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The Most Holy Trinity – Solemnity 


The Most Holy Trinity – Solemnity 

Deut 4:32-34,​39-40
Ps 32(33):4-6,9,18-20,22
Rom 8:14-17
Matt 28:16-20

What was the first religious thing you were ever taught? For me, it was the sign of the cross with the name of the Blessed Trinity from the head, chest, and shoulders. That is such a visible sign that has inward grace, a powerful statement of faith, blessing ourselves with Holy Water, and signing our entire body in the name of the God of all things.  It is submitting every single action, word, thought – every single action of mine – to God, and doing them in His name.

When people heard Jesus speak and saw him heal the sick, they knew that God’s power was wonderfully at work in the words and actions set out before them.  But after the Resurrection, the identity of Jesus was fully revealed.  

The man whom people had touched, eaten with, listened to, and related to in every way as a human person was none other than God Himself, incarnate, in flesh, walking on the earth, sharing our human nature.  This understanding informed the gospel writers as they told the life of Christ from his Birth to his Ascension.

Many events in the gospels were seen to bear witness to the Trinity, such as the commission to the apostles we heard in the gospel a few moments ago.  God the Father has raised and exalted Jesus; He confers all authority on the disciples who are empowered by the Spirit.

 For good measure, at the end of the gospel according to Saint Matthew Jesus tells the disciples to baptize in the name of the Father, and of the Son and of the Holy Spirit.  This shows how Trinitarian belief was fundamental to the first generation of Christians. Belief in God as a Trinity is there from the start.

The name of the Blessed Trinity lies at the heart of our Catholic liturgical prayer.  They begin almost every celebration of Mass and the other sacraments, and public prayers led by Catholics.  We pray in the name of the Trinity, one God in three Persons.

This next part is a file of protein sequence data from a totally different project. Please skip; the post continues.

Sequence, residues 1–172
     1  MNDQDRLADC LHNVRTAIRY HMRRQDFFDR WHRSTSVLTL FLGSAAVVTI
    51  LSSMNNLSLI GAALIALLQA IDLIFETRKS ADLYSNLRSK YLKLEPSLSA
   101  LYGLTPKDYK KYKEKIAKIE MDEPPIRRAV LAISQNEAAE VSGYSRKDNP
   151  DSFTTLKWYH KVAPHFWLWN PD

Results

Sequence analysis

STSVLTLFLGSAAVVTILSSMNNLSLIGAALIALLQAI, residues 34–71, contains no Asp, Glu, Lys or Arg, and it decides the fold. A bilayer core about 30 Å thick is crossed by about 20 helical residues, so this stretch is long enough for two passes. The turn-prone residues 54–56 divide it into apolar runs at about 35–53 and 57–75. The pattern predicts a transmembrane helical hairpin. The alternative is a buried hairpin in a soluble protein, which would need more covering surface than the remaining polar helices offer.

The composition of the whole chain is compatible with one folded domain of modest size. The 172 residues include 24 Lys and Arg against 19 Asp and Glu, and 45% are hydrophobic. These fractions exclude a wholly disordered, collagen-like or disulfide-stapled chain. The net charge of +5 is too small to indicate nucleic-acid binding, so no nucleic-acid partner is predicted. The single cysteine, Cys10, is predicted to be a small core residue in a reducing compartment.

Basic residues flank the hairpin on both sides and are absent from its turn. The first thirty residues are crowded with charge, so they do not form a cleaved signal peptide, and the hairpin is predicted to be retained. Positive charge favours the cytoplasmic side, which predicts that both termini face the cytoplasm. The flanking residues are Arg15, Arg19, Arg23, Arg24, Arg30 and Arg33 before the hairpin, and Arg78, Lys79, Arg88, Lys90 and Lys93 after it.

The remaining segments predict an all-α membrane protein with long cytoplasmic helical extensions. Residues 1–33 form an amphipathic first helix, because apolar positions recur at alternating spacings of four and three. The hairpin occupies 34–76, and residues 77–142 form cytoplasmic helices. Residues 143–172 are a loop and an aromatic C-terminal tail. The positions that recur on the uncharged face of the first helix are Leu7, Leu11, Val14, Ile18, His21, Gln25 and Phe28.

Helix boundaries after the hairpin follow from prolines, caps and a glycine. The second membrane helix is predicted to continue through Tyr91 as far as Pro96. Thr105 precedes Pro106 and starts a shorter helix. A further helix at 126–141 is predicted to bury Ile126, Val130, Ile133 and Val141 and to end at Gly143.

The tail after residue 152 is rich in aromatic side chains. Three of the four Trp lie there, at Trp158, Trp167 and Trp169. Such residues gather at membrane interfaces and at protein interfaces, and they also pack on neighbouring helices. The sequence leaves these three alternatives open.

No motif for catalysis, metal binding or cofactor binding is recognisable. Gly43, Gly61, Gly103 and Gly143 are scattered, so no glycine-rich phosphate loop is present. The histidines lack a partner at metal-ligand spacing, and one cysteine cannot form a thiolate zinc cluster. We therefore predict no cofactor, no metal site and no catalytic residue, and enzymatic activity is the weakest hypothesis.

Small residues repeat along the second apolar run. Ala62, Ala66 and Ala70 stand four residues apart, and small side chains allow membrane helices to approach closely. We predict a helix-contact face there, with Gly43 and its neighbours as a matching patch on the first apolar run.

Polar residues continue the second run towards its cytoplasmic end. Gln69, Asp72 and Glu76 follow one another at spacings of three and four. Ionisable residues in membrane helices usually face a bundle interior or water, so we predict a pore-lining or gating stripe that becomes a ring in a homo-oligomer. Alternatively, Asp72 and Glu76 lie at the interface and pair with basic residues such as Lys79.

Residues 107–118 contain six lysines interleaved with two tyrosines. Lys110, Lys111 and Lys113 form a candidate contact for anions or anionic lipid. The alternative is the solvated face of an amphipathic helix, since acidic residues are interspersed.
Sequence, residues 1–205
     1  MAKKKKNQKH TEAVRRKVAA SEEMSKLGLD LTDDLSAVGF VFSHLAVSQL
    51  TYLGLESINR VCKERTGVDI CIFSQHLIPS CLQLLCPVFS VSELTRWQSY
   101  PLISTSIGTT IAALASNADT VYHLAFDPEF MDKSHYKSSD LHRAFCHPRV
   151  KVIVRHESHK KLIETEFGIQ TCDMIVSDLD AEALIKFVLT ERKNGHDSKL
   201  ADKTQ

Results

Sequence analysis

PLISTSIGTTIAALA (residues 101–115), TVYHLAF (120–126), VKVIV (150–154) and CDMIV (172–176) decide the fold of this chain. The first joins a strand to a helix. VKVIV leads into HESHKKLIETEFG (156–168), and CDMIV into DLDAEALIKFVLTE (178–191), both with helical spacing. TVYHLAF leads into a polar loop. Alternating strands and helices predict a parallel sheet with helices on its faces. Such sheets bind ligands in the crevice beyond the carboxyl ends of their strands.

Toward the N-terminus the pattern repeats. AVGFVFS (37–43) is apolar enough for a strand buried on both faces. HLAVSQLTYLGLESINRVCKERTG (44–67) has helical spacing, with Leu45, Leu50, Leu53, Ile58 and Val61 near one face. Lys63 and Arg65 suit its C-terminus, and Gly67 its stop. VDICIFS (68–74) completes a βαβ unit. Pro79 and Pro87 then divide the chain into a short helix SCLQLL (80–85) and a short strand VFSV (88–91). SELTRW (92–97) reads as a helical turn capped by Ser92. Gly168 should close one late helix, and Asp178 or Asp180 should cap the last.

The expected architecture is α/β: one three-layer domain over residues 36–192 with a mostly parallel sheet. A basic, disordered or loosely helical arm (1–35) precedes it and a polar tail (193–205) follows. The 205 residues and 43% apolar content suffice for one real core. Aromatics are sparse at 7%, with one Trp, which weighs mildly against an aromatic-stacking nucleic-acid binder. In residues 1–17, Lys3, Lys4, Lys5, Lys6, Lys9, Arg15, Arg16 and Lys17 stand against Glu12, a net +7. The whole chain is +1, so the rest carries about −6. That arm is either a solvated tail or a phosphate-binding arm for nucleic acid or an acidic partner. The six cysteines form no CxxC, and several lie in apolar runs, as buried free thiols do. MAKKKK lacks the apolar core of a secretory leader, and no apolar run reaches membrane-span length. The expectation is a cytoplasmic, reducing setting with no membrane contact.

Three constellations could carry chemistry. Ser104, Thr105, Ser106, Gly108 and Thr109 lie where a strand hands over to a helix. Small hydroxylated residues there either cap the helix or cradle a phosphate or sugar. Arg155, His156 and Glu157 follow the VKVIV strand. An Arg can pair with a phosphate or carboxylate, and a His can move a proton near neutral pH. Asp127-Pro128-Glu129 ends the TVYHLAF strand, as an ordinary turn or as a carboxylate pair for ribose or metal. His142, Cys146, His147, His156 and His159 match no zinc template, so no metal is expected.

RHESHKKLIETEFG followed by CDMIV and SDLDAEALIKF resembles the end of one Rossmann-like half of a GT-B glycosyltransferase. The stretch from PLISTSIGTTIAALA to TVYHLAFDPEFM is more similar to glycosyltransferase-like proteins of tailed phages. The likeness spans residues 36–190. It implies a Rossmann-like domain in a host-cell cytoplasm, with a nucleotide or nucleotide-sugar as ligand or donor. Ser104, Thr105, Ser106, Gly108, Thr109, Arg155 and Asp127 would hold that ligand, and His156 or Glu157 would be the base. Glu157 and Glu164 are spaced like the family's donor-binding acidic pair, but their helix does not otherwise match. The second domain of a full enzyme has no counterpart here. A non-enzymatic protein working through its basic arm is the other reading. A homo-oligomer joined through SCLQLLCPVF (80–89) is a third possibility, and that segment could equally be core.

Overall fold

Over its first four centuries, the Church worked hard to formulate and express this fundamental Christian belief, and the various creeds and liturgical texts express this settled faith combatting heresies and apostasies.

By and large, the doctrine of the Blessed Trinity is at the heart of Christianity. No matter what I do, good or bad, the Blessed Trinity is present. It’s pretty easy to recognize the work of God in the good deeds and love we feel.

  But for me, it’s an enormous challenge to live through tragedy and find the Holy Spirit at work.  It’s nearly impossible to sift through human hurt and betrayal and disease and death and try to grasp that God’s there with a master plan.

In conclusion, the Catechism of the Catholic Church has this to say.
But even now we are called to be a dwelling for the Most Holy Trinity: ‘If a man loves me, says the Lord, he will keep my word, and my Father will love him, and we will come to him and make our home with him.’”  (Para 260;  John 14.23).

Realizing all this makes me see my often-occurring failure to treat others with the love and kindness gifted to me by our Triune God.  And that sure makes me want to act like a better person; like the good and beloved child of the Trinity that I was born to be.


Dear God, may all Christians deepen their spiritual lives, entering into ever closer communion with you Father, Son and Holy Spirit. Grant us the grace to see you at work in every where and at every moment. Amen.

Fr Joseph Osho

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